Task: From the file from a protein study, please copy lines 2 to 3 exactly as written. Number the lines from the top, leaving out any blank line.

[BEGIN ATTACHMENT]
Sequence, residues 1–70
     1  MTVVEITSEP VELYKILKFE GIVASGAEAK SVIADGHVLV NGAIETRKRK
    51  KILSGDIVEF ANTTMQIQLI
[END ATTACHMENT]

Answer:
     1  MTVVEITSEP VELYKILKFE GIVASGAEAK SVIADGHVLV NGAIETRKRK
    51  KILSGDIVEF ANTTMQIQLI